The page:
Firm sends equipment to help fellow
Ottawan hunt for radioactive item along Alberta highway
Bob Grasty has been hired by an Alberta
oilpatch firm to look for a tiny radioactive device that fell off a truck somewhere along
600 kilometres of highway.
If the small, but potentially lethal, radioactive device now missing near the Alberta,
Saskatchewan border can be found, it will be an Ottawa company, Sander Geophysics, that
The company, based out of Ottawa Airport, has sent sodium iodide gamma ray spectrometer
equipment to the area in an attempt to help detect the device thought to be somewhere
along the highway route of the truck used to transport it.
The cylinder, smaller than an AA battery but capable of emitting enough gama rays to
harm a person who might unwittingly pick it up, has been missing since Tuesday.
Since then, Tucker Wireline Services Canada has been tracing the route of their truck,
from the village of Pierceland in northern Saskatchewan to Wandering River, Alta., 160
kilometres north of Edmonton in search of the device, which contains a material called
cesium-137. It is used to help characterize rock strata in petroleum exploration.
Sander Geophysics specializes in using airplanes to detect ground radiation levels from
the air. Because of the different radiation patterns emitted by different types of rock,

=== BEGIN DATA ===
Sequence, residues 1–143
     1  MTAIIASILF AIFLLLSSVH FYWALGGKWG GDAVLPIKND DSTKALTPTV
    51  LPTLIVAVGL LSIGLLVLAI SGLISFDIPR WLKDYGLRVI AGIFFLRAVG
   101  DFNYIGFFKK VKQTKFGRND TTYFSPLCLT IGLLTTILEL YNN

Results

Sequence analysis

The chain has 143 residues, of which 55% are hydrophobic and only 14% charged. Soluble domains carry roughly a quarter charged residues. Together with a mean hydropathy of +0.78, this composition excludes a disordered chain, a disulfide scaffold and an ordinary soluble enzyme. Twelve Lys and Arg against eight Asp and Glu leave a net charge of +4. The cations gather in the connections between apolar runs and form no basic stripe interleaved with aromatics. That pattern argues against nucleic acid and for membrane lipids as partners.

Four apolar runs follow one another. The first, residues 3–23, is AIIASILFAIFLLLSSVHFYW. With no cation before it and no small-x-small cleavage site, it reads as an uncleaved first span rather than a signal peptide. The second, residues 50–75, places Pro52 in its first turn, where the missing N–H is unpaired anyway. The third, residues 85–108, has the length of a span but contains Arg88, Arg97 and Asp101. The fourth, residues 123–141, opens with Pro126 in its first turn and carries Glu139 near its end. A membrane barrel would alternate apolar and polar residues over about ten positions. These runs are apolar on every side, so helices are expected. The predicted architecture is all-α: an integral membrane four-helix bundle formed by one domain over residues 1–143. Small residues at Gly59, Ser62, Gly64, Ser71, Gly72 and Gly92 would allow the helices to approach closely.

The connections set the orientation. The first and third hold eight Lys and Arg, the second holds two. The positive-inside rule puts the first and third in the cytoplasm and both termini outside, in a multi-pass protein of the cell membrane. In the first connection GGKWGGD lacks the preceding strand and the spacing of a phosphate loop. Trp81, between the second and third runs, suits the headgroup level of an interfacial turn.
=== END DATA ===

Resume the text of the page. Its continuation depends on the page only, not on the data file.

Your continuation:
scientists often use such information to map the geophysics of an area.
In the case of the missing cesium, the usually airplane-mounted device will be put onto
a truck which will drive same route used by the truck that carried the now-missing
The device, strong-enough to detect radiation levels from the air, is far more powerful
the equipment that has been used so far in the search, according to Bob Grasty, a
geophysics consultant, also based in Ottawa, who has been hired by Tucker Wireline to lead
Mr. Grasty, who once led the Geological Survey of Canada's airborne geophysics unit now
runs his own consulting business, called Gamma-Bob Inc.
Almost 25 years ago to the day, Mr. Grasty was called to Alberta to help deal with the
radioactive debris of a crashed Soviet satellite.
Mr. Grasty said the equipment from Sander Geophysics should be able to pick up the
radioactive cesium if it is not yet buried in soil or water.
"You basically hone in on its signature," said Mr. Grasty.
If it is already buried, he said, then it will not be harmful to humans.
The search will continue over the next few days.
© Copyright 2003 The